Can cheating of investors happen in a low stock market like the one we have now? Yes, it can and the same is going on regularly though the regulator seldom finds time to understand how that has been happening. Some crooks among sponsors are using the route of merger of a listed company with a non-listed overvalued company to cheat the not-fully-informed investors. Through merger, these crooks overvalue the non-listed company where they hold most of shares or the whole of equity and through merger scheme they issue hundreds of thousands of extra shares of the listed company in their favour. The whole game is set to sell the extra shares received by the sponsors from the merger scheme to the investors. When the merger plan is announced, the investors are not even aware of what the financial variables of the to-be-merged company are.
Merger and thereafter sale of shares by the investors is nothing but selling the newly-merged company to the investors, but the fact remains that this merged company did not qualify to come to the market through IPO route. Our humble suggestion is that when a company asks for merger with another private limited or non-listed company, the regulator should ask for some basic facts about the to-be-merged company. Of the facts, the regulator should see whether the company was in a profit-making position or not, whether taxes were paid against the profits and whether the valuation of the to-be-merged company was right. In addition, to save the investors from the merging tricks, the BSEC (Bangladesh Securities and Exchange Commission) should impose a lock-in on sale of the sponsors' shares for at least three years. Also, the BSEC should outright refuse to approve a merger plan of a listed company with a non-listed one.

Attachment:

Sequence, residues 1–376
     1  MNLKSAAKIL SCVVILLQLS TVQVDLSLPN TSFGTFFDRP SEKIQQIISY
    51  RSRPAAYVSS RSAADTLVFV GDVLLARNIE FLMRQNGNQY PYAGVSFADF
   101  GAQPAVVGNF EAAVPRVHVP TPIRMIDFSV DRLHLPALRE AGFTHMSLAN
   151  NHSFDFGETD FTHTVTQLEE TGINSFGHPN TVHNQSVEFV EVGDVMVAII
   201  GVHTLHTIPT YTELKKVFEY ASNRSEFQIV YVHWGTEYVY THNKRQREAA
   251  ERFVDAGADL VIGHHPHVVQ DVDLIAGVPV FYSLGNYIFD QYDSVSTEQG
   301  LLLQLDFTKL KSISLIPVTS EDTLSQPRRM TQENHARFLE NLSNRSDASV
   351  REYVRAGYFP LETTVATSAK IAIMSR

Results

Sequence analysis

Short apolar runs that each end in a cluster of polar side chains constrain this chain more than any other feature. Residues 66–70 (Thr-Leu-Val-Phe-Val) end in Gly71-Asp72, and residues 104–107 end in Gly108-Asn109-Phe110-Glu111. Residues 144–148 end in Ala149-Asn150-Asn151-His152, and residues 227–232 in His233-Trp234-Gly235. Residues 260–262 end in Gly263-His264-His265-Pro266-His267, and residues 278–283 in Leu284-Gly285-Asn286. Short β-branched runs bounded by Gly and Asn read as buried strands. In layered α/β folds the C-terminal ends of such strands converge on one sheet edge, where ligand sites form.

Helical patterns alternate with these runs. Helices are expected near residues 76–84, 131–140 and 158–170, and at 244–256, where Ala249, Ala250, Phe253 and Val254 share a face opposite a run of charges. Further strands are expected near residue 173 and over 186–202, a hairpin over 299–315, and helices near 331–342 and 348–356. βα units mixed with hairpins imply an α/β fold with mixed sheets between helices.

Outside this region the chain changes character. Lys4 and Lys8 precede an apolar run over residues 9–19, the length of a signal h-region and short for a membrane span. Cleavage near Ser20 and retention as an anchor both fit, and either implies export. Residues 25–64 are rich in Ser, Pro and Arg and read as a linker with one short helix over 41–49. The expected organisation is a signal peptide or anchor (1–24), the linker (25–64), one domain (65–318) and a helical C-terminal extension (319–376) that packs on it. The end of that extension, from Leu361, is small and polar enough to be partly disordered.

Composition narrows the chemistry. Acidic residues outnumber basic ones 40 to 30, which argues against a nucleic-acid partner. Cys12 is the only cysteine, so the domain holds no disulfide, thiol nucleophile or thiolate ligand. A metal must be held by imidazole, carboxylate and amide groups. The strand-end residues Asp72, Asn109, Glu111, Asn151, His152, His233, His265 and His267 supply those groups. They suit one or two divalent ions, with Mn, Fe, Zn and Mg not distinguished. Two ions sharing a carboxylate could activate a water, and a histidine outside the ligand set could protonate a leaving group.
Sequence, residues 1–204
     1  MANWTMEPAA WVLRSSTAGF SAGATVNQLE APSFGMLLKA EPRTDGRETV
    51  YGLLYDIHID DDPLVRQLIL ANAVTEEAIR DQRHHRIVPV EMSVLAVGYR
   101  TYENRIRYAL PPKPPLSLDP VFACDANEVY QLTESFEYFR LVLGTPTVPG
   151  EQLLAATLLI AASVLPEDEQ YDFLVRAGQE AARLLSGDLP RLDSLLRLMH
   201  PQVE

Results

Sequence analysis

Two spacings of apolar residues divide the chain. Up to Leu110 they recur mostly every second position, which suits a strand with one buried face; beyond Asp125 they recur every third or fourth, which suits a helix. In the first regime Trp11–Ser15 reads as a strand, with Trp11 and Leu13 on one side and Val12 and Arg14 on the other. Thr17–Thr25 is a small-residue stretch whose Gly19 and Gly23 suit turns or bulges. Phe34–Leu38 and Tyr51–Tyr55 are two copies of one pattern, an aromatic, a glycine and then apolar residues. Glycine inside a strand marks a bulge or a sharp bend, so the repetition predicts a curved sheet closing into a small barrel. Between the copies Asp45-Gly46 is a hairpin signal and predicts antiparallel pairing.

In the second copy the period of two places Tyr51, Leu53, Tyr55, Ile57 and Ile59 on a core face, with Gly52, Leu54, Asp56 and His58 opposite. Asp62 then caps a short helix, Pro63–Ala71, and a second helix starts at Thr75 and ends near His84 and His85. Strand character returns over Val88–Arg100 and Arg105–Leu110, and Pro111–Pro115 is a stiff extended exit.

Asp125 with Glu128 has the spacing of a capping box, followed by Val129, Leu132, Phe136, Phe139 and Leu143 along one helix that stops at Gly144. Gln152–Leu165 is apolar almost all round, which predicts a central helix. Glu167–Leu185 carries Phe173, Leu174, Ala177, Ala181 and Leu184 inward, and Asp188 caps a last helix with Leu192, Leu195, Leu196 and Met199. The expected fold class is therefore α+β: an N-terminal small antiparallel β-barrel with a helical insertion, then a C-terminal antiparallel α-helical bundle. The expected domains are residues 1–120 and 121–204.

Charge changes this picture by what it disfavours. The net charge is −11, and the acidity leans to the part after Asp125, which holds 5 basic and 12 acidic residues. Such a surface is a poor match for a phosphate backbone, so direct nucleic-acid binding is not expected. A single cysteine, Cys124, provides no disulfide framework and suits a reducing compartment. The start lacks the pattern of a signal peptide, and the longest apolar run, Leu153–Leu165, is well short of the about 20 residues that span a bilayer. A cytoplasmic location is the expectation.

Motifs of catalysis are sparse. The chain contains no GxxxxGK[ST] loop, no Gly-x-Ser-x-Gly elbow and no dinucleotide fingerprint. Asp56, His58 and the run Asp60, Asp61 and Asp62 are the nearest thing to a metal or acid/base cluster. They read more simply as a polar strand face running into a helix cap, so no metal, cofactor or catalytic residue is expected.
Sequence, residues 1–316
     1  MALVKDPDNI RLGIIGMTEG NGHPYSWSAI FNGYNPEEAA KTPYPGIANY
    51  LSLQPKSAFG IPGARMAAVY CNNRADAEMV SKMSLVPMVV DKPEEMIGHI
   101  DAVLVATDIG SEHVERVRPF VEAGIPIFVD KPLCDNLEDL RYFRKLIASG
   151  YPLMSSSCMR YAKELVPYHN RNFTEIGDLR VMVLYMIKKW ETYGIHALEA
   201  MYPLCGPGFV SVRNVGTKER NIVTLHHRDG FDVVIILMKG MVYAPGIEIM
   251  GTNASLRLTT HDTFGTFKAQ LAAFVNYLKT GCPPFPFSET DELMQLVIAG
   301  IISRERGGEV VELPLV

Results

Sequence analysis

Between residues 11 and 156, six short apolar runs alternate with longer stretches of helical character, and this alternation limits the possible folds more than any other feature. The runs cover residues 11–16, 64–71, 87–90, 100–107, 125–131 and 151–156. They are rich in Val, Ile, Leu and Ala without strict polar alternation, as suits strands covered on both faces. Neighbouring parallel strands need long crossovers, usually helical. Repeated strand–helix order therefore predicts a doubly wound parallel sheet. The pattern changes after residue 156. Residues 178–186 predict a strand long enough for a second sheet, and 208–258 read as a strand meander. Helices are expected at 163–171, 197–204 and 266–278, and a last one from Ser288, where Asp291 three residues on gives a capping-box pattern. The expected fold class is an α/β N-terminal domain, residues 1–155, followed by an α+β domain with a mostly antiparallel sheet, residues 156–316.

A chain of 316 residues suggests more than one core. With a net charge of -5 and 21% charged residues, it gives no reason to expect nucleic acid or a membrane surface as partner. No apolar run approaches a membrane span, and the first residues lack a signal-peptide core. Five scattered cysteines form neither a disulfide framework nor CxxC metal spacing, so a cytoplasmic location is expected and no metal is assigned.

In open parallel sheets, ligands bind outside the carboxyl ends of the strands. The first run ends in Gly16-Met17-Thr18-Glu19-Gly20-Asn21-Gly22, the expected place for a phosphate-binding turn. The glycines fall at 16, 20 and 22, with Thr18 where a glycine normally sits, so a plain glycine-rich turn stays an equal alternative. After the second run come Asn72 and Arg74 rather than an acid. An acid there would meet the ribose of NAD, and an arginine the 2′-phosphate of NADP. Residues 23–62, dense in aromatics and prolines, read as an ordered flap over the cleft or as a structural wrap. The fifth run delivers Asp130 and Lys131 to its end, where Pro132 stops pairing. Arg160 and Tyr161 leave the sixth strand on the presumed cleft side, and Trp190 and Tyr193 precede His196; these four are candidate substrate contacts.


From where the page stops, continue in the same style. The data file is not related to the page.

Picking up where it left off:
Low market is good in the sense that at least in such a market, the dirty players who include some sponsors also, cannot cheat the ordinary retail investors on a scale they want. Everyone is asking a question why the stock market is going down continuously. The simple reasoning of economics says, prices of stock can go down if more money goes out of the market than the amount of money entering. To prevent a further slide in the stock prices, the BSEC should see how money is going out of the market.
The writer is Professor of Economics University of Dhaka